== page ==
Monday, July 4, 2022

How to Read the AD&D Rules: Grappling with Non-Lethal Combat Part II

In my rush to pummel you with VATAPGOA last time, I overlooked some of the basics of unarmed combat. For instance, I kept calling it "unarmed combat." Of course that's not the term that was actually used in the original Guidebook for Masters of Dungeon-like Structures; rather, it was called "non-lethal and weaponless combat." Henceforth I shall call it some variation on that terminology. Or I'll make up another acronym.

I also failed to mention that there are three different forms of weaponless combat: 

  • Pummeling
  • Grappling
  • Overbearing

Pummeling is, obviously, punching, and grappling is wrestling--WWE style. Overbearing is that loud jackass who won't shut up about their stupid opinions. Yes, I included this list just for that punchline.

But D-Chux, what makes this combat non-lethal? 

I forgot to mention that only 25% of any damage inflicted from a punch or grapple is actual, "permanent" damage--50% of Overbearing damage is permanent, but overbearing tends to inflict a lot less damage than the other 2 forms of NLC (see, I made up another acronym). The rest will be temporary dmg which heals at a rate of 1 hp per round. 

So if you punch a guy for 4 dmg, he subtracts 4 from his HP total, but 3 of those pts are going in the temporary file, and he'll get one of them back next round. If he takes no more damage in the fight, he'll have all 3 temporary HP back in 3 rounds/minutes. He'll have to sleep off the last hit point over night.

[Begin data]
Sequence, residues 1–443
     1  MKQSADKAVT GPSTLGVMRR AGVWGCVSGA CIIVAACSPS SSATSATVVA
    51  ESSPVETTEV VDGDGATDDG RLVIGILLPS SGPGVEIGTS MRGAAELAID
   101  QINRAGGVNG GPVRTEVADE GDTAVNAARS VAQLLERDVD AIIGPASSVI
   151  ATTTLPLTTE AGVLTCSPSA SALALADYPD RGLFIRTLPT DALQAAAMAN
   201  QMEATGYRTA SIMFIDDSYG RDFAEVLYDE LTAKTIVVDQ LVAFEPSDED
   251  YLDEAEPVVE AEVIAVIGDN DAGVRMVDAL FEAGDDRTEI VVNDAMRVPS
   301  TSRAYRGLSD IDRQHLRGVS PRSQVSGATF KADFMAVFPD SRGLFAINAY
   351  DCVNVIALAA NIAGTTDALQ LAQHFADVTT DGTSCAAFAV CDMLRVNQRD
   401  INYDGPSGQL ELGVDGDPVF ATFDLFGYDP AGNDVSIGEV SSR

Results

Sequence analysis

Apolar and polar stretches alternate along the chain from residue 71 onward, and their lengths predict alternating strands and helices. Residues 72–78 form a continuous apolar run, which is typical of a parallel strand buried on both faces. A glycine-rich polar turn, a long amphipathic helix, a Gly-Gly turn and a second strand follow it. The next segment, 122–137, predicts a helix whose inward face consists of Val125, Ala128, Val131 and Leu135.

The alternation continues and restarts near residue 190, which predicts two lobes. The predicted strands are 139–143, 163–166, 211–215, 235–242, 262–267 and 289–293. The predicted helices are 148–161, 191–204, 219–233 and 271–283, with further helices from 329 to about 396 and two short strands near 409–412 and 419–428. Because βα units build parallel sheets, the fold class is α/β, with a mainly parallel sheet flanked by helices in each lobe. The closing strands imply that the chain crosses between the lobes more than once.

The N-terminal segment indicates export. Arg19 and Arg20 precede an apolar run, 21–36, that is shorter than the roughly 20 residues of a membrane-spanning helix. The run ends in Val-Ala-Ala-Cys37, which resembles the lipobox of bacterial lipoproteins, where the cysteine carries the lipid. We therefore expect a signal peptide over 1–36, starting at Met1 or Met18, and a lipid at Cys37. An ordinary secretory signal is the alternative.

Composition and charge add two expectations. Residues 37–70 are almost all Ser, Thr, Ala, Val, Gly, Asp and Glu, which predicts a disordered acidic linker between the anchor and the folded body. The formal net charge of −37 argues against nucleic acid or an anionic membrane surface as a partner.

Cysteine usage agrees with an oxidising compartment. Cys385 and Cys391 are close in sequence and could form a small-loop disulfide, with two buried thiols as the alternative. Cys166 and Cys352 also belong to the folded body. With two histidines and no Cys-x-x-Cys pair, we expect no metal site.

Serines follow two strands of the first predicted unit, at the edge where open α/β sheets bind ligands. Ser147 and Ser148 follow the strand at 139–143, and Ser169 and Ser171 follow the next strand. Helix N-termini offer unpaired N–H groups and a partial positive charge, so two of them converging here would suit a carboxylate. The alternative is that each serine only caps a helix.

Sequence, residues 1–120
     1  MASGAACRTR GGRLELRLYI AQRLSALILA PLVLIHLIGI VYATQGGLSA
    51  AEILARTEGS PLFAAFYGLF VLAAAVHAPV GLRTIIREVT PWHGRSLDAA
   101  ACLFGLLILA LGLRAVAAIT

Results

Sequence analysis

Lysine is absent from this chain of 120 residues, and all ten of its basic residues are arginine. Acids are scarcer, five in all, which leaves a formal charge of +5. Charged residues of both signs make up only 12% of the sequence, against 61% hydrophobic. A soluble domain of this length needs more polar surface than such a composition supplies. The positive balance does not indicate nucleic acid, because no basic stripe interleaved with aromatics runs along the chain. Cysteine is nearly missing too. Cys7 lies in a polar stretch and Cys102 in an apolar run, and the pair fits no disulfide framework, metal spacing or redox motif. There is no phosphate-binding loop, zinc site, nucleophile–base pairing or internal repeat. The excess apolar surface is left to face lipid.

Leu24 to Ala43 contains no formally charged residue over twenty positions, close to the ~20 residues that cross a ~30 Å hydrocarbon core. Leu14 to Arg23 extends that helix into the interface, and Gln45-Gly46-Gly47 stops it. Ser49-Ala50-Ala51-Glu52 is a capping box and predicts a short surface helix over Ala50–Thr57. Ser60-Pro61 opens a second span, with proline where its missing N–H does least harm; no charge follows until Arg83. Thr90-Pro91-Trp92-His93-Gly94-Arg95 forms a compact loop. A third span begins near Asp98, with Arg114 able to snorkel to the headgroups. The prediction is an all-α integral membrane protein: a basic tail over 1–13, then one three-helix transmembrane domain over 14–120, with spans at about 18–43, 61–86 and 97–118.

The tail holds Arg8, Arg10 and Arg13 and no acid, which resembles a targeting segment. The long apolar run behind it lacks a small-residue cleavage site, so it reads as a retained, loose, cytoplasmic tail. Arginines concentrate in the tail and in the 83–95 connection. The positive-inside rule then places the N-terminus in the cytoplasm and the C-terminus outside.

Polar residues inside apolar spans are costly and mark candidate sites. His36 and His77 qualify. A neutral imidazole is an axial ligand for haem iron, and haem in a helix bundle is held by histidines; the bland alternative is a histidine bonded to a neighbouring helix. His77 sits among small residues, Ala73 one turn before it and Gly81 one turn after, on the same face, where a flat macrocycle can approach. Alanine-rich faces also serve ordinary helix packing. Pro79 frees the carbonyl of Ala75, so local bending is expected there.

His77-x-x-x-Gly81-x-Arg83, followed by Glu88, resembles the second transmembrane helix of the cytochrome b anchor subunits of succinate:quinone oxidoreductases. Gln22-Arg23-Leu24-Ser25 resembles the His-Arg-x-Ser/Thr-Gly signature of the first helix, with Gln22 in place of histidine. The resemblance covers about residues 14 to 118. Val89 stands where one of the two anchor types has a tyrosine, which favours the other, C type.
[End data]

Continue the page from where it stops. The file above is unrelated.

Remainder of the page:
If you get knocked to 0 or less HP, you're out cold. You regain 1 HP per round, so if you get punched down to -3 HP, you will be conscious once you've returned to 1 HP, or 4 rounds. Unless your permanent HP have been reduced to 0, in which case you're dead. It can happen; non-lethal combat is not always non-lethal.

One more thing: First Attack Initiative is determined by following this order of operations: 

  1. surprise, 
  2. charging to attack, 
  3. higher dex, 
  4. higher die roll. 

It doesn't say what die to roll but presumably it's the standard initiative roll. There's also this weird sentence:

"Whichever first occurs determines the first attack for the round, so in most cases the pummeling attacker will go first in the first round." [L'emphasis est de moi]

Huh? Are pummeling attackers inherently more likely to surprise their opponents? To have higher dexterity? How does the second half of that sentence make any sense? If JB or someone can explain that to me I'd greatly appreciate it.

Next week we'll get into Grappling and Overbearing, I promise.

Wednesday, June 29, 2022

How to read the AD&D Rules: Pummeling you with VATAPGOA